In the fall-out from his surprise defeat to Nate Diaz at UFC 196, Conor McGregor has been on the receiving end of a lot of criticism.
Many of the degrading comments heading the Irishman's way, from the likes of Matt Serra, has centered around his decision to tap out rather than 'going to sleep' in the octagon on March 5.
Now, though, McGregor has received support on the issue from none other than Diaz himself. Speaking to MMA Junkie, the American said it was unfair to call out his Irish opponent for submitting:
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"If you’ve got to tap out, you’ve got to tap out,” explained the 30-year-old, before going on to explain the difference between McGregor's actions and Holly Holm's decision to pass out rather than submit in her fight against Miesha Tate on the same night.
“I think Holly (Holm), she thought she was maybe going to get out. She had already gotten out of one (choke earlier in the fight) and she thought, ‘I’m not quitting.’
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"McGregor, he was (expletive) done. All the way done. It’s all right. He had to tap out because there was no getting out of that. I don’t think there’s anything wrong with tapping out.”
In Diaz's eyes, the Irish UFC star had no other option but to tap out once he had allowed himself to get into a submission position.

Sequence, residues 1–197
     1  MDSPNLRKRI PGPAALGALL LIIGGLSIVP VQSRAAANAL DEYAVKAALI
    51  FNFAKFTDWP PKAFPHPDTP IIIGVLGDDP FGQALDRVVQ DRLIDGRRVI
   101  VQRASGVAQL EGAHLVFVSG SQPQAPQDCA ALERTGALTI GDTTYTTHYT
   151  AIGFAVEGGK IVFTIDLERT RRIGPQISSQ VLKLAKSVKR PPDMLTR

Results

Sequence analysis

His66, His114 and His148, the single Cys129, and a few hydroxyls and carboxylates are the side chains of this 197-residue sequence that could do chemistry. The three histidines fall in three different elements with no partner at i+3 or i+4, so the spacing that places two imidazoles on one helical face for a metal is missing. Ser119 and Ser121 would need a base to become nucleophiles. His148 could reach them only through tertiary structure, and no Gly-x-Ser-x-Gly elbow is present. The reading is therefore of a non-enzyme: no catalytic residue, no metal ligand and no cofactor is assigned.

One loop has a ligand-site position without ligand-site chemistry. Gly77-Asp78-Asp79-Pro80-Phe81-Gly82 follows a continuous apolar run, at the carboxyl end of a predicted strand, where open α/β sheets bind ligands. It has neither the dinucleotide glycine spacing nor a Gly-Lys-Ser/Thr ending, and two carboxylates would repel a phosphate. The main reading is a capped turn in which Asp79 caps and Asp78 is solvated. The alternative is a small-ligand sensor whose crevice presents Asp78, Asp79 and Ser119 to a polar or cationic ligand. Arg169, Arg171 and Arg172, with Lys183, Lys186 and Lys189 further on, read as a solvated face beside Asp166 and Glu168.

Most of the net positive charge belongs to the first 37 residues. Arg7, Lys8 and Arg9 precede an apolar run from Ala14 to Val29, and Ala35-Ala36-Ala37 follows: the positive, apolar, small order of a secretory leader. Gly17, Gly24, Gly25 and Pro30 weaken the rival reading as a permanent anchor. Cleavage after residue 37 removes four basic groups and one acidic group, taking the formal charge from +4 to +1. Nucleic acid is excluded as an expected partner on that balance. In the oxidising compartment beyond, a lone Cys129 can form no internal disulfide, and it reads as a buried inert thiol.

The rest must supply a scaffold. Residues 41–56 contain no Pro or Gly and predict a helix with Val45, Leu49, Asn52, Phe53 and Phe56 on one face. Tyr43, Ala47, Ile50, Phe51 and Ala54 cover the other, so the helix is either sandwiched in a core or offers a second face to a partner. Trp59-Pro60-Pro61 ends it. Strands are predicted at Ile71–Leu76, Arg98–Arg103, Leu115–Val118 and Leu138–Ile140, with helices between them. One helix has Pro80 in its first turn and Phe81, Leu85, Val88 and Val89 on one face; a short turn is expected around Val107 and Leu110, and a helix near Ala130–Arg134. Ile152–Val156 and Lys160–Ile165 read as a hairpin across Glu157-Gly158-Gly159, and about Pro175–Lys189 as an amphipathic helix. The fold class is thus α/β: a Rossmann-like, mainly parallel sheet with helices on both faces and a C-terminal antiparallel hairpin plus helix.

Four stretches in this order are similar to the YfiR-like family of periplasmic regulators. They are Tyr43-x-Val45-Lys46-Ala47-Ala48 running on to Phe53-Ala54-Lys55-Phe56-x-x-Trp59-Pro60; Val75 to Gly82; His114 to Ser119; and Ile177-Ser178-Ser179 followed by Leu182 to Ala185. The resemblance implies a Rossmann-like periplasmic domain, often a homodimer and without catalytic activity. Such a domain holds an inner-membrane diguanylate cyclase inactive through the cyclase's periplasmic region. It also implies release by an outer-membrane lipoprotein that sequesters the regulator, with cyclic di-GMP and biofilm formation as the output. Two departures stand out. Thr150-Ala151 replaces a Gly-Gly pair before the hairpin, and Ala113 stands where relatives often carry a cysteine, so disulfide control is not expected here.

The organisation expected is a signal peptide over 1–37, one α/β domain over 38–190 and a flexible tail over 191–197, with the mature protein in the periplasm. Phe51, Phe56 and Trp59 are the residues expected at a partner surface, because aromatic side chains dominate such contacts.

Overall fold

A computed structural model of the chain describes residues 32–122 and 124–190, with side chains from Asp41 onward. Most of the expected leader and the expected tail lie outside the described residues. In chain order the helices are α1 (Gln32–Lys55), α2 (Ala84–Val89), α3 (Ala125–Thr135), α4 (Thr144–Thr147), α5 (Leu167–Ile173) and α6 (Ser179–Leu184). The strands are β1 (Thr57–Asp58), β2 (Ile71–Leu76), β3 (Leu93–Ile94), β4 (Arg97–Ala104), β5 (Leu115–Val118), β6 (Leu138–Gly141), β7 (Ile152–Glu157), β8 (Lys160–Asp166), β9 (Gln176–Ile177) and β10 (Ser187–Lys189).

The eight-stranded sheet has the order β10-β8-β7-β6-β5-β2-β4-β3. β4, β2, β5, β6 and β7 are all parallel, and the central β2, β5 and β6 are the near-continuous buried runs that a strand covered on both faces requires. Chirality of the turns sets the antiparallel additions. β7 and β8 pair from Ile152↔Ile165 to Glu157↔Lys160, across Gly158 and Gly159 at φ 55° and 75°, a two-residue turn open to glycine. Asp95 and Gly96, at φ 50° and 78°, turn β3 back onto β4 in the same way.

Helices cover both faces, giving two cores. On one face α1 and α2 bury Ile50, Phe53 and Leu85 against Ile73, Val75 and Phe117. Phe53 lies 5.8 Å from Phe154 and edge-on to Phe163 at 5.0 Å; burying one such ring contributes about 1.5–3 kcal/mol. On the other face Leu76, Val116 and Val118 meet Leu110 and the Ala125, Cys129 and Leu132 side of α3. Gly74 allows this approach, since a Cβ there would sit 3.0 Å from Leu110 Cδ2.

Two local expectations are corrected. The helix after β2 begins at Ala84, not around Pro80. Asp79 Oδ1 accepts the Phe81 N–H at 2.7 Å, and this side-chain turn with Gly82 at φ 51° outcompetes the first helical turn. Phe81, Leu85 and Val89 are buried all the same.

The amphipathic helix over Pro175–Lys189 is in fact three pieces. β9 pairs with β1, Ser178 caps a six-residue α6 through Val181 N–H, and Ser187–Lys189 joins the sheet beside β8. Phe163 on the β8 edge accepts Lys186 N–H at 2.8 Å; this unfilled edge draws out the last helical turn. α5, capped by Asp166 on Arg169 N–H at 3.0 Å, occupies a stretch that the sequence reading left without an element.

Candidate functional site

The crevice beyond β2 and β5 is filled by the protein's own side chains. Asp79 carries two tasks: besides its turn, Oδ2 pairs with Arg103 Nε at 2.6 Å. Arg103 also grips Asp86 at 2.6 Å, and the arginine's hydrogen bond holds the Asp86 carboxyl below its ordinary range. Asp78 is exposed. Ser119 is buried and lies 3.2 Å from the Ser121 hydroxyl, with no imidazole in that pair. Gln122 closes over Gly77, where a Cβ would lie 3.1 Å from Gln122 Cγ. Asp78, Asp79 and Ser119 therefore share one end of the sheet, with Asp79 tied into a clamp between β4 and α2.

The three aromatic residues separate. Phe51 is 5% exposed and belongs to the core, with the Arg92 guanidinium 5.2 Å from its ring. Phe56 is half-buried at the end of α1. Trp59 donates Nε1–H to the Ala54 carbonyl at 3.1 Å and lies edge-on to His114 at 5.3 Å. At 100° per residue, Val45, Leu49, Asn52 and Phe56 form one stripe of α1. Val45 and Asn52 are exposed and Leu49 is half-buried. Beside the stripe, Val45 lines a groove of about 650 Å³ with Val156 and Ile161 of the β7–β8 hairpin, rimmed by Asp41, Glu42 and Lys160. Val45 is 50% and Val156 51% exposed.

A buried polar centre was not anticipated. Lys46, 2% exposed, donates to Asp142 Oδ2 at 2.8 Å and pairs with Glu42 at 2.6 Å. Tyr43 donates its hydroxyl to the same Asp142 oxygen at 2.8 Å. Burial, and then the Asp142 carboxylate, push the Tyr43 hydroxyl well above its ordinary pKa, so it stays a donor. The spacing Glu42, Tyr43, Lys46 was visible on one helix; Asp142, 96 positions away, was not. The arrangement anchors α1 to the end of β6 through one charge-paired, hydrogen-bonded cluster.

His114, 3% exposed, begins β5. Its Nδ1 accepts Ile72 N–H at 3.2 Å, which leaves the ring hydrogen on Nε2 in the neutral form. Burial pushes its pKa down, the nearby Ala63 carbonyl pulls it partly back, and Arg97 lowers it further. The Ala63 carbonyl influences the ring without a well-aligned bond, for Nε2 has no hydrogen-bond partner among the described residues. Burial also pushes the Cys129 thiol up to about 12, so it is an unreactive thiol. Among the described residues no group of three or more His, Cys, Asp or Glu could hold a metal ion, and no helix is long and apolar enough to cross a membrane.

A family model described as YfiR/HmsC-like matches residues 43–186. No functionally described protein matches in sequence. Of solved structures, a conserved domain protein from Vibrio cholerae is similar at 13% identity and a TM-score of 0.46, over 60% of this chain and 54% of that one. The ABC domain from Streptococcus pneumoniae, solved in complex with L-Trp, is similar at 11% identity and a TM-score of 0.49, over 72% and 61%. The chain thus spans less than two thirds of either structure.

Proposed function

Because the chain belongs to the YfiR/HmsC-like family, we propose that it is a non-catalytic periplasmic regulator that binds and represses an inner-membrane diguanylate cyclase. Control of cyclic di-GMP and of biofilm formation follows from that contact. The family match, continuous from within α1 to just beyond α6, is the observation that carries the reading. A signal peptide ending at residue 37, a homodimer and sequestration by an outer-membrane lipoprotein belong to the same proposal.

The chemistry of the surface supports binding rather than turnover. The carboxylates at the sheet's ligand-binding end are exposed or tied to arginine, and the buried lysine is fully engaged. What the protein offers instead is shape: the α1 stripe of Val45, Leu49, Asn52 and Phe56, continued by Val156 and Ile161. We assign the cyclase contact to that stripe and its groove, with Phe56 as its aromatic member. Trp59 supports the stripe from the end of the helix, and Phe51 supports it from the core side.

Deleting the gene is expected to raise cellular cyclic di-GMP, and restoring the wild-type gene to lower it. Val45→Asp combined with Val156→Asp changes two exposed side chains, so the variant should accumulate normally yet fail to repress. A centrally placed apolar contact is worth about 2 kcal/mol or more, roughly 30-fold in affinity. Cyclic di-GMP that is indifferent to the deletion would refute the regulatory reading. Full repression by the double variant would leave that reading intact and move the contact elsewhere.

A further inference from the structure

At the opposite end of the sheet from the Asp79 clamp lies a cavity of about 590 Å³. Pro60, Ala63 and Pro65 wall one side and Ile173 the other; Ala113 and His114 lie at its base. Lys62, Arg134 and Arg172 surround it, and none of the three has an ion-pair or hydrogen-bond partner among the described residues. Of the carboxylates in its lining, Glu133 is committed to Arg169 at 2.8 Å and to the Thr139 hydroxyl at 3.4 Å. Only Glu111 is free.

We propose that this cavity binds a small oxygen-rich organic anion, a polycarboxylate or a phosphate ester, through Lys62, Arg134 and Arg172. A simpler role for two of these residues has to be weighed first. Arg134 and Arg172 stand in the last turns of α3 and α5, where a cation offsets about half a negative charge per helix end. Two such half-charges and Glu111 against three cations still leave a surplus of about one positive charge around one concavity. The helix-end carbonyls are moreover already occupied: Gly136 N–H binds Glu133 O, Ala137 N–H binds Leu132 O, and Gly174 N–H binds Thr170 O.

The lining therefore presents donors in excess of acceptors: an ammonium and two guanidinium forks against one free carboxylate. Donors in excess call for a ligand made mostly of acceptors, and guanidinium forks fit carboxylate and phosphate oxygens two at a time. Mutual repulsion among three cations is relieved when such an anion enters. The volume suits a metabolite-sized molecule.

The US fighter is one of the best in executing such a move - his submission against McGregor was a UFC-record ninth of its kind - and sometimes you just have to accept your fate.
Whether you do that by tapping the canvas or allowing yourself to be made unconscious is irrelevant according to Diaz:
“It’s a fight against the best fighters in the world; you’ve got to tap to that (expletive),” he continued.
“You ain’t getting out of it. You can tap out, or you can go to sleep. It’s (expletive) the same (expletive). You tap out if you’re caught. The thing is, that’s what I think, is don’t get caught.”
A submission often leads to questioning of a fighter's pride or will to win. In some instances, however, there simply isn't a lot of options left.
Out of options
After a grueling couple of rounds in which he had received some big hits, McGregor simply didn't look like he had it in him to find a way out of Diaz's rear-naked choke.
McGregor's own coach, John Kavanagh, admitted this week that his charge had perhaps lost too much energy in the opening exchanges.
Putting all these factors into play, those calling out McGregor for tapping out might want to imagine being in his position against the relentless Diaz before questioning his commitment.
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